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Legislative Assembly for the ACT: 2001 Week 10 Hansard (29 August) . . Page.. 3584 ..

MR MOORE (continuing):

We sought to facilitate the enterprise bargaining agreement that is coming up by funding a 17.5 per cent pay rise for nurses right across the ACT to make sure they stay ahead in the salary competition across Australia. Why would we do that? For the same reason that we are advertising right across Australia, in Ireland, in New Zealand and across the world to try to get nurses. But at the same time as we are advertising there, those countries are advertising here to lure nurses out of Australia. Looking at the state of our dollar, if a nurse is to be paid in US dollars, Canadian dollars or UK pounds, they are going to be one heck of a lot better off. I am sure they do not miss that, and it makes it that much more difficult for us as well.

Nationally, our health system has to come up with better ways of training and bringing nurses back into the work force. We have made some attempt in the ACT, but you have to seek to solve these problems on a national basis. It is also time for us to consider different styles of work practice within the hospitals, where registered nurses with university degrees perhaps have more support from enrolled nurses-or from health care assistants, as are used in the United Kingdom, and in Western Australia. There we may be able to solve some of these problems. If we build into that a proper patient-nurse dependency system, which we can do with appropriate computer systems, we will have a reasonable chance of solving these issues.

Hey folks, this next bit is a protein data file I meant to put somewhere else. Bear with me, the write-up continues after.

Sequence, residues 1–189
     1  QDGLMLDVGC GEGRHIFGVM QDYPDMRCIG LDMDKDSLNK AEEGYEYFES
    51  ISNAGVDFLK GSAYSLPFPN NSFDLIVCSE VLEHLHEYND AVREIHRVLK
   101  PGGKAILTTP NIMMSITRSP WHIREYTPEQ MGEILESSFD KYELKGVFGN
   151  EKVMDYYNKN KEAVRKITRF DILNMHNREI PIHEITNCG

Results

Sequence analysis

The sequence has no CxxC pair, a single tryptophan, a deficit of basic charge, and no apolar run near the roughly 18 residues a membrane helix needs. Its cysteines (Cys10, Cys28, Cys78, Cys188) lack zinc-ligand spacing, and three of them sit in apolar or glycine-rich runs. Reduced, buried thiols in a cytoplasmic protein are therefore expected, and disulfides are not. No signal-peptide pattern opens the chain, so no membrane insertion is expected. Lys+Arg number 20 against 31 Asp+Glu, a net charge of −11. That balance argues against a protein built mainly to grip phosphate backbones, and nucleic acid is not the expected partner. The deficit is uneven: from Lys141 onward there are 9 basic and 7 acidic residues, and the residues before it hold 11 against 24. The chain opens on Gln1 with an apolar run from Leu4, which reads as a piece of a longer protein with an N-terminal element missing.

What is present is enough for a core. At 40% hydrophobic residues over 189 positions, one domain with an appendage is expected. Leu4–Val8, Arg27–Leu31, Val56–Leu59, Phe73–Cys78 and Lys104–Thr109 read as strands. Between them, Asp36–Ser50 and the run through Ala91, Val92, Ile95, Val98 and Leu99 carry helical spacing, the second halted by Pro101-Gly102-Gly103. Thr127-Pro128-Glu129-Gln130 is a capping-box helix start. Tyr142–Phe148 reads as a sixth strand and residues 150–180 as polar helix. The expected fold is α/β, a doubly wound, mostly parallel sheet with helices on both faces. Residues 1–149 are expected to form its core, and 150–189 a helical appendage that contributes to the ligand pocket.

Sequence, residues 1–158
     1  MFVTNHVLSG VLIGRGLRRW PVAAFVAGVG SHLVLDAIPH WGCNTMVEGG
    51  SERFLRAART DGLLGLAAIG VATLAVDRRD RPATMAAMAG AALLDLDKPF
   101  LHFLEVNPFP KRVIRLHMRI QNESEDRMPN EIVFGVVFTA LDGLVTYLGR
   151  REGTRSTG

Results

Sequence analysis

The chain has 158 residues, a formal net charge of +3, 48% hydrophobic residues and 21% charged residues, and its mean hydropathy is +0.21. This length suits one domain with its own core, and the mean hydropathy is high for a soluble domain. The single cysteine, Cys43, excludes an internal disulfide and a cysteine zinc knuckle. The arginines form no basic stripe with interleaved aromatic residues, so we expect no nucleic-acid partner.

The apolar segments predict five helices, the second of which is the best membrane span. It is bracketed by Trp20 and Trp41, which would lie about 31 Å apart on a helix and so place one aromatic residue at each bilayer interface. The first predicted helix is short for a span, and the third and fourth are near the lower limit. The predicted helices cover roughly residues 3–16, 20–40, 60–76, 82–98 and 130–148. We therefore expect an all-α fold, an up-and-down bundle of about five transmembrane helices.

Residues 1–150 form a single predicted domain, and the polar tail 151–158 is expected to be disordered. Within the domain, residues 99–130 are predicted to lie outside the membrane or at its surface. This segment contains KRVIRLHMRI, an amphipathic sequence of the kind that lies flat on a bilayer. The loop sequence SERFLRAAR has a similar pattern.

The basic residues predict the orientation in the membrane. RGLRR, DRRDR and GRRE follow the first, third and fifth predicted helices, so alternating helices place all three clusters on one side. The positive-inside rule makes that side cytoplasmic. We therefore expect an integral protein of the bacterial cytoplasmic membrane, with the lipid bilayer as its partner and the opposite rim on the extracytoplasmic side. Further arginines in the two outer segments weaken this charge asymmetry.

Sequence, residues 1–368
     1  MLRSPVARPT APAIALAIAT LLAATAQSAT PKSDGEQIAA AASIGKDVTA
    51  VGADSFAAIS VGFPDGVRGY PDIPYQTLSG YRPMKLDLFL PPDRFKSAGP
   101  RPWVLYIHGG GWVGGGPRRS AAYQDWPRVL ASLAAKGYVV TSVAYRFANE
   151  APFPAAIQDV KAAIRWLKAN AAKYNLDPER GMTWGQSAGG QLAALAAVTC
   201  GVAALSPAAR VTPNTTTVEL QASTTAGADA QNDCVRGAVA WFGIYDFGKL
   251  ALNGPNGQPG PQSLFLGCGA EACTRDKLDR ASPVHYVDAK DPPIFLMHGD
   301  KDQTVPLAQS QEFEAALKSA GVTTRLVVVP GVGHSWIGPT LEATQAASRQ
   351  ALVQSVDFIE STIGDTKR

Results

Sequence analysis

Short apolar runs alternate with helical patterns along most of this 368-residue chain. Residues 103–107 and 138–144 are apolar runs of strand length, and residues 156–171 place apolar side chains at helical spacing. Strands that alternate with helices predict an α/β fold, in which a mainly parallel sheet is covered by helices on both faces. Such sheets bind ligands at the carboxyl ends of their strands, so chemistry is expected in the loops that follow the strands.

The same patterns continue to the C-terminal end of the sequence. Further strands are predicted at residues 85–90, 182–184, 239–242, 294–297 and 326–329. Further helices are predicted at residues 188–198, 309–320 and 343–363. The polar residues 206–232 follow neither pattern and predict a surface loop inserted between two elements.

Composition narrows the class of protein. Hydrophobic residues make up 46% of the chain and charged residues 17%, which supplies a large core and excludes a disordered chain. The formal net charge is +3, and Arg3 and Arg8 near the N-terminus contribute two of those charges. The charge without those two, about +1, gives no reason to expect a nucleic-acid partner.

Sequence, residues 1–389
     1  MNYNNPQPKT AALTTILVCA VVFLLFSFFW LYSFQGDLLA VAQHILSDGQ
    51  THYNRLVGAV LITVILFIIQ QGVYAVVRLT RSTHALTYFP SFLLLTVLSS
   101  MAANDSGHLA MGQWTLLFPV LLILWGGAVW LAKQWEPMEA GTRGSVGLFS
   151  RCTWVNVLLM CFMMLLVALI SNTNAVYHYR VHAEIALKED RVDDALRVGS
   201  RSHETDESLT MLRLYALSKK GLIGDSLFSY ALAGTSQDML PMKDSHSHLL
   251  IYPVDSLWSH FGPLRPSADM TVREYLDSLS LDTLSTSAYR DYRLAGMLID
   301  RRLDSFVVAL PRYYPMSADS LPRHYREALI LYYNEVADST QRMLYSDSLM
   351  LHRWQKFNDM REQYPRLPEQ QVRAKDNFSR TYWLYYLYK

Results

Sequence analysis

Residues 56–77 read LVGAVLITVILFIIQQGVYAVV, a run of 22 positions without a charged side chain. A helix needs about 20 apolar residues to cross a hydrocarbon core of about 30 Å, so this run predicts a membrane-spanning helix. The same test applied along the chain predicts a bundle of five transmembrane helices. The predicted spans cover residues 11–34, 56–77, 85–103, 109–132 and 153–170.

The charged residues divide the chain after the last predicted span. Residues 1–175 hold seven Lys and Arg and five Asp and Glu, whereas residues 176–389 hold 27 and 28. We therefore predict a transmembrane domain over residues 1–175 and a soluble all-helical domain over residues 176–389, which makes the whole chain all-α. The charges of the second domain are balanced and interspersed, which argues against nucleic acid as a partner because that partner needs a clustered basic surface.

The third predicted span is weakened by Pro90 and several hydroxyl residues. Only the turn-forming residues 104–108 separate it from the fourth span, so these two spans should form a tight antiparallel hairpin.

Nursing clinicians, who understand what the acuity levels are and the particular needs of patients on a day-by-day, hour-by-hour basis, are the people who ought to be making these decisions. That is where our hospital management frameworks have moved; that is what we are seeking to do. It is the senior nurse on the ward who is saying, "No, we cannot take more patients." When that happens, we seek to move people from the Canberra Hospital-if that is where it has happened-to extra beds at the Calvary Hospital or the Queanbeyan Hospital, and there is a system for that to happen because it is the senior nurse on the ward who is making the decision about the level of acuity and what they can manage.

Recognising that there is a shortage of nurses, and, particularly through this winter period, many nurses have been prepared to take an extra bed, put in extra effort and work double shifts in order to make it work. They have put out more than we should expect from them. As an Assembly we ought express our gratitude for that, and as a community we ought to express our gratitude because these nurses have gone above and beyond what was reasonable to expect of them. Because of that we have maintained low waiting lists for people getting into hospital, not only for emergency but also for category 1. We have been able to reduce the waiting list for category 2 and category 3 because of the effort made by these people.

If this bill does come back onto the agenda at the next sitting, whoever is sitting here as health minister ought to reject it because, rather than doing what it seeks to do, it undermines the health of the community. It might help solve a problem of acuity in a particular hospital, but it would create many more problems than it solves. That is the trouble with simplistic solutions.


(11.11): I will be brief. I agree with some of what the minister said in connection with this exposure draft. I have to ask whether, if it were not for the fact that the day after tomorrow this Assembly is in recess leading up to an election, this exposure draft would be on the table at all. Mr Osborne has been notable for his absence when the

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